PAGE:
The Duke of Hazards

By Audrey W.




Chet Kelly wandered into the dayroom where paramedics John Gage and Roy DeSoto were seated at the table. With black markers in hand and large white poster boards in front of each of them, the two briefly glanced up before quickly returning their attention to their projects.


“That was a short run,” Johnny commented. “Must not’ve been a very big fire.”


“It was a couch fire,” Chet explained. “On a sidewalk.”


Both paramedics looked up again, this time in surprise.


“A couch fire?” Roy asked.


“On a sidewalk?”


But it wasn’t Chet who answered. The rest of the engine crew had filtered in and Marco Lopez supplied more details.


“That’s right. The couch was going to be in the back of a truck soon. They were in the process of moving.”


“And someone apparently tossed a lit match on it after lighting a cigarette,” Mike Stoker continued.


Then it was Chet’s turn again.


“They said they kinda panicked when the couch caught fire and everyone ran in all different directions. One person called for us. Another grabbed the garden hose.”


“The fire was nearly out by the time we got there,” Captain Stanley put in. He eyed the paramedics’ projects on the table as he walked by to get a cup of coffee. 


“How’re the safety posters coming along?”


“Pretty good, Cap.”


Johnny held his up to show the graph he’d drawn with various hazards neatly printed inside each square in marker,  with basic illustrations penciled in so far to go along.  


“I’m just about done. Got electrical dangers, fire hazards, the importance of water safety.  Guess I could add couches,” he teased. “Roy’s nearly finished too.”


The senior paramedic nodded in agreement. “Almost.”


Gage went to lay his poster back on the table when the right edge slipped through his hand in the process. His mouth opened wide and he let the paper drop as he jerked his hand away.


“Son of a …!”


The exclamation ended in an unintelligible mumble.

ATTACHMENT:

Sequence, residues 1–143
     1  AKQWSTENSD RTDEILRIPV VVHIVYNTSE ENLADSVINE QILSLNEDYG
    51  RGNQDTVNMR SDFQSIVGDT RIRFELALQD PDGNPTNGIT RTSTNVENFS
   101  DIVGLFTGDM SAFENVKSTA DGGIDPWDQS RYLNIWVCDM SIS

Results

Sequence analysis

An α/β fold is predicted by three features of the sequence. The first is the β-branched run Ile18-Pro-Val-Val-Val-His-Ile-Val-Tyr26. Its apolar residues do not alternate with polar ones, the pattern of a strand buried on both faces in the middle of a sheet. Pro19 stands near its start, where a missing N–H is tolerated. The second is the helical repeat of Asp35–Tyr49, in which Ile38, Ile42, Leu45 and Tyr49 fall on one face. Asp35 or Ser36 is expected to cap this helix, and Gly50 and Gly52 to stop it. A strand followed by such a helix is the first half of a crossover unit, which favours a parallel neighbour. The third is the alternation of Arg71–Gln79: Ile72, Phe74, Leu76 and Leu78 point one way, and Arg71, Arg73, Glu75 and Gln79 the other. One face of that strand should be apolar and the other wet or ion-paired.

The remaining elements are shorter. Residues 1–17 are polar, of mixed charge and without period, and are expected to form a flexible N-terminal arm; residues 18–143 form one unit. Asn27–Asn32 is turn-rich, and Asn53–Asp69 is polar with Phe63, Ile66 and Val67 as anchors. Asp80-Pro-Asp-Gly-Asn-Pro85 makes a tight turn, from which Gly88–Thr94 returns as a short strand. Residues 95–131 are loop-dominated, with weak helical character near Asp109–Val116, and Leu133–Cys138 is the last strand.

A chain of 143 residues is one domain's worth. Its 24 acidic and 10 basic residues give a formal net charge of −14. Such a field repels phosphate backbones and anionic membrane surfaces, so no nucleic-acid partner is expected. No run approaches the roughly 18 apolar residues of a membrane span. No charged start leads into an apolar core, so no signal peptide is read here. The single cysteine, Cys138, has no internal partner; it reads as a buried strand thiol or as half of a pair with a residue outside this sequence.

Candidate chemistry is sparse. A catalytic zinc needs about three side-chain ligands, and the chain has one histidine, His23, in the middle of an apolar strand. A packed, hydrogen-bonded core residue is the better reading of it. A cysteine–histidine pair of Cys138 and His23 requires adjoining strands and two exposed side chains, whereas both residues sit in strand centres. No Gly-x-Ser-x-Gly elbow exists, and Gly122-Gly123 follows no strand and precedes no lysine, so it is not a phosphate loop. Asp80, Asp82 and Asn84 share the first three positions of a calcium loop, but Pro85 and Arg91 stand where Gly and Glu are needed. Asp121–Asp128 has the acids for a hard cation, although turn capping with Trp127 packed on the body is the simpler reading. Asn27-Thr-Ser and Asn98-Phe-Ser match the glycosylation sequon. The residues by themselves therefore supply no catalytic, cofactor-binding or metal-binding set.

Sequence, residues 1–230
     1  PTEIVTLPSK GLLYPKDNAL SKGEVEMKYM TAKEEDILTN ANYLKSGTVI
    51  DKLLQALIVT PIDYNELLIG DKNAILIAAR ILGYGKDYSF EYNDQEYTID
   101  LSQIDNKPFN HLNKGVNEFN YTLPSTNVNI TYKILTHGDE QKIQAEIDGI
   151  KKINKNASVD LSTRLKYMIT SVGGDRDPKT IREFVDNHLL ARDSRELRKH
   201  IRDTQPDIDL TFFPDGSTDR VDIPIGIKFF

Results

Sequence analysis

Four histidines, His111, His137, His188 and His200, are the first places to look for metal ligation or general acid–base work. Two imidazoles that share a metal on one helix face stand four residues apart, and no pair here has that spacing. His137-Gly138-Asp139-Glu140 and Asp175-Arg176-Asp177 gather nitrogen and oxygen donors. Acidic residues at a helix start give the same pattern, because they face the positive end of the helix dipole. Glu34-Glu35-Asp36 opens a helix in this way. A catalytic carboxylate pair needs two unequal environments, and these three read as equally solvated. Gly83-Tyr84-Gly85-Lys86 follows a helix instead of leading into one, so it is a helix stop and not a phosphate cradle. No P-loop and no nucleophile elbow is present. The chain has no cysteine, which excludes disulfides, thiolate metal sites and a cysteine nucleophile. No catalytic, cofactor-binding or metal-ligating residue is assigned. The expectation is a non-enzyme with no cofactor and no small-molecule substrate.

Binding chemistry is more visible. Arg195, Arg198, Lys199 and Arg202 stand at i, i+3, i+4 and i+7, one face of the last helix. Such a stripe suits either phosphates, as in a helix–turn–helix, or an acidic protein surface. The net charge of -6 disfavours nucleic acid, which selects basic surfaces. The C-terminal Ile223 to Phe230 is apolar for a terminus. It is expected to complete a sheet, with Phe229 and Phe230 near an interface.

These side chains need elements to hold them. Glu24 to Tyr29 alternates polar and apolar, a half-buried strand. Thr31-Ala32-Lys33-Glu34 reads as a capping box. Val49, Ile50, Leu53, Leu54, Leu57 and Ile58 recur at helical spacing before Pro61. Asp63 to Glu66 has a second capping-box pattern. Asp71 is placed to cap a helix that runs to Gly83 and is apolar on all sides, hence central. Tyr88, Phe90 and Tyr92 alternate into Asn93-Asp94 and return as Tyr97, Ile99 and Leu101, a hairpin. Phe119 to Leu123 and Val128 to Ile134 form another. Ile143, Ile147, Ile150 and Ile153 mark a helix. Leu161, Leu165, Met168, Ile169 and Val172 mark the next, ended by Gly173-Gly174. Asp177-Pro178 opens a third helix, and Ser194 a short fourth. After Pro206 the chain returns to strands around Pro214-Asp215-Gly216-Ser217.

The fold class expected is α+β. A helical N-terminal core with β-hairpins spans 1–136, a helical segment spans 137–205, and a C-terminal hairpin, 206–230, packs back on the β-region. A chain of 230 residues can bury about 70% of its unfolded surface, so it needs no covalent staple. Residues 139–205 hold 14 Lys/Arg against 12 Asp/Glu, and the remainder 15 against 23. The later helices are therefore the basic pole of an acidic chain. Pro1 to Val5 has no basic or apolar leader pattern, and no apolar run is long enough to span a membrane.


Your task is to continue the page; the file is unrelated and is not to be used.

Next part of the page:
“What’d you do?” Roy wondered.


Johnny held out his hand, a grimace on his face. “Man, it sliced me.”


An inch and a half long thin crimson line was already visible about a finger width below the base of his thumb on the inside. A very narrow flap of skin stuck up where the paper had cut under.


Marco peered over his shoulder. “Wow! That stuff is sharp!”


“It stings like hell.” Johnny brought his hand in closer and examined the small cut, wondering how such a minor wound could cause so much pain.


Chet pulled out a chair and sat beside him.


“Looks like you’ll have to start your poster all over again, John, and add another square on the graph.”


“What for?”


The curly haired fireman pointed to the cut on his hand.


“The dangers associated with poster boards. You wouldn’t want a rash of these types of injuries happening to the unsuspecting public, would ya? Why that’d be a disservice to the people of LA County.”


Johnny rolled his eyes and pushed back his chair, causing Marco to have to take a couple of quick steps to get out of the way. As the younger man got to his feet, Roy inquired, “Where’re you going?”


“To get a band-aid, then finish this in private.” With an annoyed gaze fixed on Chet he added, “Before I have to add another potential hazard, like what happens when a co-worker irks the wrong guy.”


The five crew members watched as the dark-haired paramedic headed for the door with an ever-so-slight limp, having sprained his ankle a couple of weeks earlier when his right foot slipped off of a wet curb.  


Johnny’s supplies were in tow, the board tucked under his left arm and writing utensils in his left hand, his right extended out. Once he was gone from sight, the others looked at one another, but no one said a word. All had the same thought though.


Considering over the past few years he’d nearly died from a monkey virus; tumbled down a hill and twisted his knee; was bitten by a rattlesnake; caught fire when fuel was in the water system; had a board fall on his leg and injure him as a building was about to explode with him in it; had a girdle fly into his face at ‘rocket speed’; strained a muscle in his right shoulder; cut open his hand on a nail, not to mention other minor incidents and injuries, including his latest two. . .


John Gage could easily be the poster boy for potential hazards.





Author’s note: 

Work inspired this story. :o)




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